"I'm curious: you've achieved reform, your nation has achieved reform, what sort of challenges did your nation encounter during the reform process, and how did it overcome those challenges?"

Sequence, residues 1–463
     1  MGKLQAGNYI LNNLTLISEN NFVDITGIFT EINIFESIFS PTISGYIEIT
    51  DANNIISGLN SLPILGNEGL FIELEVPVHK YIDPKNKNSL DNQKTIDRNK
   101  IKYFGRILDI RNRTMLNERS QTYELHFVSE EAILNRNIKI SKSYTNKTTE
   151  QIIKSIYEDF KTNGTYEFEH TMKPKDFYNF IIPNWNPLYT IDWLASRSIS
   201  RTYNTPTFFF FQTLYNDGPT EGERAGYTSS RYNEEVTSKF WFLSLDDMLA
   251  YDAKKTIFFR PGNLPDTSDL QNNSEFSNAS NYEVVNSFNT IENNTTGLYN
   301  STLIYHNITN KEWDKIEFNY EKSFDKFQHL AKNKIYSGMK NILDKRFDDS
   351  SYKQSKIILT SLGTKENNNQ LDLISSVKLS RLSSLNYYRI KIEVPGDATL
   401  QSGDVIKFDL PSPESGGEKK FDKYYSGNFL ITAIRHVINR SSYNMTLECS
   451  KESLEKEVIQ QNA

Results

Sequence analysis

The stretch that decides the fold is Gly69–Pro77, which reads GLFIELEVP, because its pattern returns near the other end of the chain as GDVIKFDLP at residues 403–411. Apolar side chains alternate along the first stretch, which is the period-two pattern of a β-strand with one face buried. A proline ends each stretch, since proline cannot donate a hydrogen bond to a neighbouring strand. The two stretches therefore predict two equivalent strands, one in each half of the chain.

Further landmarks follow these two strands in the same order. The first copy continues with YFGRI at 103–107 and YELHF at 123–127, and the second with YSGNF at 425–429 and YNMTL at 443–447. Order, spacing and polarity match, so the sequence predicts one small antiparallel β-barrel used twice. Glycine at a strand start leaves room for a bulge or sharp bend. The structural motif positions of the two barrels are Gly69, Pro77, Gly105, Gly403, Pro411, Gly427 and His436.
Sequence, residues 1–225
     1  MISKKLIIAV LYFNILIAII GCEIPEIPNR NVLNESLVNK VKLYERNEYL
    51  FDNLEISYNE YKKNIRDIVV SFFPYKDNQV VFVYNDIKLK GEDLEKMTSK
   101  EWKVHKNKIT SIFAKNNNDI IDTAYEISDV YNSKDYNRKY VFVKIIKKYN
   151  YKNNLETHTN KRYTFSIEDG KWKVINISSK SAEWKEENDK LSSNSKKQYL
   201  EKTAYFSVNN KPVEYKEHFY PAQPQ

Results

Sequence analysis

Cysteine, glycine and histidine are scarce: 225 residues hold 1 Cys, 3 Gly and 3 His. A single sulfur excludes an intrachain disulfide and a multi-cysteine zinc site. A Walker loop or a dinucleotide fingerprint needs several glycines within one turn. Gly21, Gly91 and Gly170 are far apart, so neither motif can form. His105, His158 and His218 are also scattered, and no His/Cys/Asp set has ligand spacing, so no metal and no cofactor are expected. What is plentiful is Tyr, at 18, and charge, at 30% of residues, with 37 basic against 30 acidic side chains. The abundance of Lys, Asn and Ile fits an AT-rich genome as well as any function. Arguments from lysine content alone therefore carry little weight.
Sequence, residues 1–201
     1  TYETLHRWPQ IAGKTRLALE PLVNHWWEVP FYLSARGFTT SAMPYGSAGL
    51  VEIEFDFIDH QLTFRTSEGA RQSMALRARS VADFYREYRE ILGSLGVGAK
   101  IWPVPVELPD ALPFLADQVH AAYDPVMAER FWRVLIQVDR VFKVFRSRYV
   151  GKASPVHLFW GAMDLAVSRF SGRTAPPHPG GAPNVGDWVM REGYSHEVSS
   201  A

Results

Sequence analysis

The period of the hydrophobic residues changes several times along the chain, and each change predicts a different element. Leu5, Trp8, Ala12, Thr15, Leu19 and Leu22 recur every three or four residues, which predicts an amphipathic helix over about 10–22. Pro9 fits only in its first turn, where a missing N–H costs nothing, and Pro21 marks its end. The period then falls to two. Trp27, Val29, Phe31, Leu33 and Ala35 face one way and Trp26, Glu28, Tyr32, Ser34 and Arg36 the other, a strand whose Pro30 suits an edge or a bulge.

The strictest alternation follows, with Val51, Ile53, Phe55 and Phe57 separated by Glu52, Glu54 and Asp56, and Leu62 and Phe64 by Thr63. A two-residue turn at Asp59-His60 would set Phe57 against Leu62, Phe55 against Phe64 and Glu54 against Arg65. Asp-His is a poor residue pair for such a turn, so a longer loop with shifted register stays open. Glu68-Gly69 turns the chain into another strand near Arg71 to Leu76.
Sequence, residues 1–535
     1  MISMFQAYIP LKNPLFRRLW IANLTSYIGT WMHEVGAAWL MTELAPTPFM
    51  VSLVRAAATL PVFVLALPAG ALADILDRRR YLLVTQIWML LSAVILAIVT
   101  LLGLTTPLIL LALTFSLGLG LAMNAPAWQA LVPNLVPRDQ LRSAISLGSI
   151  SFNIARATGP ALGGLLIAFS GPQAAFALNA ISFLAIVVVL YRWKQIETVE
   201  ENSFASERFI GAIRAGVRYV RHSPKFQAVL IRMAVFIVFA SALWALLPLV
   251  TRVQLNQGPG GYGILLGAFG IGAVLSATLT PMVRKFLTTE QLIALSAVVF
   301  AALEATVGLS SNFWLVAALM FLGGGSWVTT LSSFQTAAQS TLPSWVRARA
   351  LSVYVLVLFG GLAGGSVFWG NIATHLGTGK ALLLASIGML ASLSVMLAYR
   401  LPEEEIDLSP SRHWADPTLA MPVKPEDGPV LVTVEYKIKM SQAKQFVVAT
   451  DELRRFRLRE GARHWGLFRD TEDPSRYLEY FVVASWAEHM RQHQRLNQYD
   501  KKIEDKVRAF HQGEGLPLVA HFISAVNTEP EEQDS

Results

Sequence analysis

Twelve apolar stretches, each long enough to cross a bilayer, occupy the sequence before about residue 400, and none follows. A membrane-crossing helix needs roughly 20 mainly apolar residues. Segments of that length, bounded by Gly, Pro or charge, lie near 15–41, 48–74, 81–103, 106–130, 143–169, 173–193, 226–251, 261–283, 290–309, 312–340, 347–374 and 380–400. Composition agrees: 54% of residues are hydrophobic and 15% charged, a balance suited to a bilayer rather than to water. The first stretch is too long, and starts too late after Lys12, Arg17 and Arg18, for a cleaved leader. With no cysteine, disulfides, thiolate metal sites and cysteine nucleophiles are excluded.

Donald "Del" Laverdure: